2. Deficits in nonverbal communicative behaviors used for social interaction, ranging, for example, from poorly integrated verbal and nonverbal communication; to abnormalities in eye contact and body language or deficits in understanding and use of gestures; to a total lack of facial expressions and nonverbal communication.
3. Deficits in developing, maintaining, and understanding relationships, ranging, for example, from difficulties adjusting behavior to suit various social contexts; to difficulties in sharing imaginative play or in making friends; to the absence of interest in peers.

B. Restricted, repetitive patterns of behavior, interests, or activities, as manifested by at least two of the following, currently or by history.
1. Stereotyped or repetitive motor movements, use of objects, or speech (e.g., simple motor stereotypies, lining up toys or flipping objects, echolalia, idiosyncratic phrases).
2. Insistence on sameness, inflexible adherence to routines, ritualized patterns or verbal-nonverbal behavior (e.g., extreme distress at small changes, difficulties with transitions, rigid thinking patterns, greeting rituals, need to take the same route or eat food every day).
3. Highly restricted, fixated interests that are abnormal in intensity or focus (e.g, strong attachment to or preoccupation with unusual objects, excessively circumscribed or perseverative interest).
4. Hyper or hyporeactivity to sensory input or unusual interests in sensory aspects of the environment (e.g., apparent indifference to pain/temperature, adverse response to specific sounds or textures, excessive smelling or touching of objects, visual fascination with lights or movement).

C. Symptoms must be present in the early developmental period (but may not become fully manifest until social demands exceed limited capacities, or may be masked by learned strategies in later life).

D. Symptoms cause clinically significant impairment in social, occupational, or other important areas of current functioning.

E. These disturbances are not better explained by intellectual disability (intellectual developmental disorder) or global developmental delay. Intellectual disability and autism spectrum disorder frequently co-occur; to make comorbid diagnoses of autism spectrum disorder and intellectual disability, social communication should be below that expected for general developmental level.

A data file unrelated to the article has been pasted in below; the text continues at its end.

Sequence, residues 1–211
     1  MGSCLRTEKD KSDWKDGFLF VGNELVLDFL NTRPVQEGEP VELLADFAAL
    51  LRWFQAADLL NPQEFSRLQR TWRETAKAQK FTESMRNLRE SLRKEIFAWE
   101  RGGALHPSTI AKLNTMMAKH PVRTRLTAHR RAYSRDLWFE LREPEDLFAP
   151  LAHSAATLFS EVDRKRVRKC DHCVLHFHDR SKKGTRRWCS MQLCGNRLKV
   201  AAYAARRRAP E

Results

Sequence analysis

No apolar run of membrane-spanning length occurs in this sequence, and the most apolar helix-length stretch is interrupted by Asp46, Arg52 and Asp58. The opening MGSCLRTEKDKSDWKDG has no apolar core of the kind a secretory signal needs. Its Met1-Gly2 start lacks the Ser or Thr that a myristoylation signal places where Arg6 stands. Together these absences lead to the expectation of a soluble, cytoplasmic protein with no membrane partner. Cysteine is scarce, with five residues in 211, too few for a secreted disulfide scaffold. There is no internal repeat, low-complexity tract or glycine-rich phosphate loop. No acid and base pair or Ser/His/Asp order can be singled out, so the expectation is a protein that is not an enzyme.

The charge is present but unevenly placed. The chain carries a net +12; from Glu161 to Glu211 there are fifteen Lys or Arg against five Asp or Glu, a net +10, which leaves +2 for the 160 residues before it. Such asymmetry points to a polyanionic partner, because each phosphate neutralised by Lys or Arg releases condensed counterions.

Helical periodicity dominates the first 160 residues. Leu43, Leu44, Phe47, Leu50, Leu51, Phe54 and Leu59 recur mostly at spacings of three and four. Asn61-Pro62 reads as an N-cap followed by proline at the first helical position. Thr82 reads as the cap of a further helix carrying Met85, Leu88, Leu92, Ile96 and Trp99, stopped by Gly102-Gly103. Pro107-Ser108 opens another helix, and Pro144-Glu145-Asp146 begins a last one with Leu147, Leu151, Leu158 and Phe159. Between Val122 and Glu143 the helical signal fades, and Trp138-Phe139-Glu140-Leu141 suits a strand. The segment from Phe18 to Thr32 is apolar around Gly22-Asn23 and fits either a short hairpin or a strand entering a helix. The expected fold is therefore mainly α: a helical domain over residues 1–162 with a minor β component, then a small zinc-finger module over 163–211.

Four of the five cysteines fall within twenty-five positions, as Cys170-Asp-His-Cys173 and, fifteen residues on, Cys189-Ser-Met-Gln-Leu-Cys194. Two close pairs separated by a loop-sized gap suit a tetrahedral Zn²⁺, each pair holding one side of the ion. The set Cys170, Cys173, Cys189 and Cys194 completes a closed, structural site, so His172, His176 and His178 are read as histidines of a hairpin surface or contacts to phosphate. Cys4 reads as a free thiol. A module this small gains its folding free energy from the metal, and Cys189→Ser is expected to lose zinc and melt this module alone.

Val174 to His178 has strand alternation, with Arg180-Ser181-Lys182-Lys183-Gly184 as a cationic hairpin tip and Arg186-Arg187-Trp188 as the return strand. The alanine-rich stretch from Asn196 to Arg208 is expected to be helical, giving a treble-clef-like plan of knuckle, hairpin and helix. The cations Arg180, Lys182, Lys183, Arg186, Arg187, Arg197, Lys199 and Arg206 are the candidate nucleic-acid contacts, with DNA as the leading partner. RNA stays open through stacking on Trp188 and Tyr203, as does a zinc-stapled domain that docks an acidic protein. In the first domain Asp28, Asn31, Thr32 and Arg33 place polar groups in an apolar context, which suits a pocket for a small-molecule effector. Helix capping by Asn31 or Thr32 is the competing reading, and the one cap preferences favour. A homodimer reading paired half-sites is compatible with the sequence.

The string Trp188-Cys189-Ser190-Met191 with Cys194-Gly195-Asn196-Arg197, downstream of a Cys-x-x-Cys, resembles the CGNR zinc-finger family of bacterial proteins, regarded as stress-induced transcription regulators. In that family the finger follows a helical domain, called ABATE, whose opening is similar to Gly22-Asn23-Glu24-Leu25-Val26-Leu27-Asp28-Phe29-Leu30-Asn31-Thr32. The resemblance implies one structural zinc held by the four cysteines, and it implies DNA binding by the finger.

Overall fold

NOTE: individuals with a well-established DSM-IV diagnosis of autistic disorder, Asperger’s disorder or pervasive developmental disorder not otherwise specified should be given the diagnosis of ASD. Individuals who have marked deficits in social communication, but whose symptoms do not otherwise meet criteria for autism spectrum disorder, should be evaluated for social (pragmatic) communication disorder.

The DSM-5 has also included a table that shows different severity levels for autism spectrum disorder as well as the help required for each level, these are:

Level 1: “Requiring support.”
Level 2: “Requiring substantial support.”
Level 3: “Requiring very substantial support.”

Autism is a complex neurobehavioral condition, therefore, is understandable that information about this condition is constantly being updated, but what’s really important about these updates, is that with each one we learn how to help people with autism in better ways, so it’s essential to keep up with the DSM information about ASD.

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How to Teach a Child With Autism

Autistic spectrum disorder, a complex neurobehavioral lifetime condition, it’s easy to notice that kids with this condition are quite different: they pay attention to unusual stuff, seem more interested on particular things, show different reactions to common events or behave in particular ways; the difference they have compare to most of the kids are pretty noticeable, therefore, their way to learn its different too. For this reason, it is necessary to find the best way to teach a child within the spectrum.

Teaching a child with ASD

If you have a child with autism and you want to know the right way to teach him or her, you’re in the right place; we’re going to give you a few advices to make that possible.

1) Be mentally prepared

The first thing you should do is prepare mentally, you have to be conscious it won’t be like teaching other kids, it might be harder, but that doesn’t mean it’s impossible, not at all, it just means it will be necessary to apply different teaching strategies depending on the kid behavior.

2) Pay attention to details

Depending on the autism level, the child will not always verbally express their doubts, nevertheless, they tend to make particular gestures that can make us realize whether they understand what we’re teaching or not. Children within the spectrum don’t have only a way to behave, therefore, you need to be patient and pay attention to the kid behavior to find a way to understand what is happening in his head.

3) Apply visual strategies